Fish May Also Be Walking

While making observations over Africanlungfishes (also known as Protopterus annectens), scientists have found that they are using their pelvic spines to move in the water. Since lungfish is an intermediate link between fishes and the first amphibians, its ability to move in the water raises a theory that the eel-like lungfish steps in the water might have been the starting point for the amphibiousanimals walking evolution on the shore. Though lungfish’s fins more look like barbells, they perfectly allow the fish for locomotion in the water. Only hind limps of the lungfish are used to move it forward in the water. Even more, lungfishes may move in two ways – stepwise or in leaps. Researches supposed that the lungfish achieves this by filling water in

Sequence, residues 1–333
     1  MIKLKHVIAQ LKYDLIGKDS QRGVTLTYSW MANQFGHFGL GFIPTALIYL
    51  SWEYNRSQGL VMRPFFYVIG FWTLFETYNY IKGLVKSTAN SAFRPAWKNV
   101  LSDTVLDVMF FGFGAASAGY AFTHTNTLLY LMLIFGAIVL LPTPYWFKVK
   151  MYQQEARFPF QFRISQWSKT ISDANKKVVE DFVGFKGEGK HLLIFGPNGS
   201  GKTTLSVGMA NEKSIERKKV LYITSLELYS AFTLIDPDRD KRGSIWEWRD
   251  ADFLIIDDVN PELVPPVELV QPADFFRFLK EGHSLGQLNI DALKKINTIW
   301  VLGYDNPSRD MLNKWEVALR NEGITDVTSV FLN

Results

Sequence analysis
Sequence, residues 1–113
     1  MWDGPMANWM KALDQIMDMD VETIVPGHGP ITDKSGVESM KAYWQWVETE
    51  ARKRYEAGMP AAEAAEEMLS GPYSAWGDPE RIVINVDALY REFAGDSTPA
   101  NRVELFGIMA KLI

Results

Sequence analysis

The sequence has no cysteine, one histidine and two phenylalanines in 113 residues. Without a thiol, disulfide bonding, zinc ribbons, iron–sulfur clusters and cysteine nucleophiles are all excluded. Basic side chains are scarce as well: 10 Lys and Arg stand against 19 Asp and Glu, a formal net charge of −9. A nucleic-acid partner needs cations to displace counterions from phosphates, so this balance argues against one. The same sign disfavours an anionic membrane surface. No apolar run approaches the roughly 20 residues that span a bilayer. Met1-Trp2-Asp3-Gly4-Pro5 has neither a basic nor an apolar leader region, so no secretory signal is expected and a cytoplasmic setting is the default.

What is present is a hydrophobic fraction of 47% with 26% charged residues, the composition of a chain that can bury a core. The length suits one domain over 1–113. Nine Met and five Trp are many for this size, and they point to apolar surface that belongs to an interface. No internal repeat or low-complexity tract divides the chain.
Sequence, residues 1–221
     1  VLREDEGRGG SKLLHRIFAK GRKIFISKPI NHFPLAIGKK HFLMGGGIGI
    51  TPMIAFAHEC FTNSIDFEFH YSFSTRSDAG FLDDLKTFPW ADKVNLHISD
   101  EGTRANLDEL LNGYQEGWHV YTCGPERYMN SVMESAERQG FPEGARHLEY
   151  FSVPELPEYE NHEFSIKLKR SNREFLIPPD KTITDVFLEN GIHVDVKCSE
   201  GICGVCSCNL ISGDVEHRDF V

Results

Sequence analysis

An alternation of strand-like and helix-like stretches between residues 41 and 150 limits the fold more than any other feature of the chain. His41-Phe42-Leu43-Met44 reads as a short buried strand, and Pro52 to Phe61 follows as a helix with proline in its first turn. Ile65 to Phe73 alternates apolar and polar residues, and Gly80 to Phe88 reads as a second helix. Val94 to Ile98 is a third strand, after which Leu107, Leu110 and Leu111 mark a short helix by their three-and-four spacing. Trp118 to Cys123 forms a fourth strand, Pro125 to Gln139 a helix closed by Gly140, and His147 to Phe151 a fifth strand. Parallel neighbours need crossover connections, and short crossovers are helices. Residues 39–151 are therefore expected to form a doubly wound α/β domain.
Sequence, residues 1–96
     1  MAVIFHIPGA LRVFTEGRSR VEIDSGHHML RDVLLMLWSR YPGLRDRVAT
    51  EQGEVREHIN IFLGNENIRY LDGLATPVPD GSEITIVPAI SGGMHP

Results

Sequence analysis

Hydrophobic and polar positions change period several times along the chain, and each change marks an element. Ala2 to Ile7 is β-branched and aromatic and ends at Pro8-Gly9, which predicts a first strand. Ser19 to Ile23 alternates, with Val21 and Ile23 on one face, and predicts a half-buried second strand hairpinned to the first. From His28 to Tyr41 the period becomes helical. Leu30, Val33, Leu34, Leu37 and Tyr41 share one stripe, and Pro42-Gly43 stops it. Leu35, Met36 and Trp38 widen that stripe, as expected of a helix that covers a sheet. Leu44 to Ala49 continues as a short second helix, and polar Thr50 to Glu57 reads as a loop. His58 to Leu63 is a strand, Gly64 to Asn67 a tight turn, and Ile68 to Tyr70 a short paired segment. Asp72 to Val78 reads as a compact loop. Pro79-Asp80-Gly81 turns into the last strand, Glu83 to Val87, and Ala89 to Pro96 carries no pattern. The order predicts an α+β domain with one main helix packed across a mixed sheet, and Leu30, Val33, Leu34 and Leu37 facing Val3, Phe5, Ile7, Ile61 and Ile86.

both  its lungs which in its turn reduces efforts made on the locomotion. Observations shown that lungfish continuously uses its fins for the motion and, in the contrary to the common quadruped animals, moves its fins asynchronously. In their turn, archeologists confirm that the steps lungfish leaves when “walking” are very similar to some patterns they have seen in fossil trackways.  There is however no proof for that the lungfish has made those trackways but the evidence from the latest study widens the pool of possible track-makers. Along with the primitive walking capabilities, lungfishes breathe mainly with their 2 lungs, rather than using the gills. Gills are still present in the body of the lungfish, but due to the disuse they have been atrophied and unable to process oxygen. So it seems that this type of fish is pretty much ready for getting out of the water and surviving on the shore.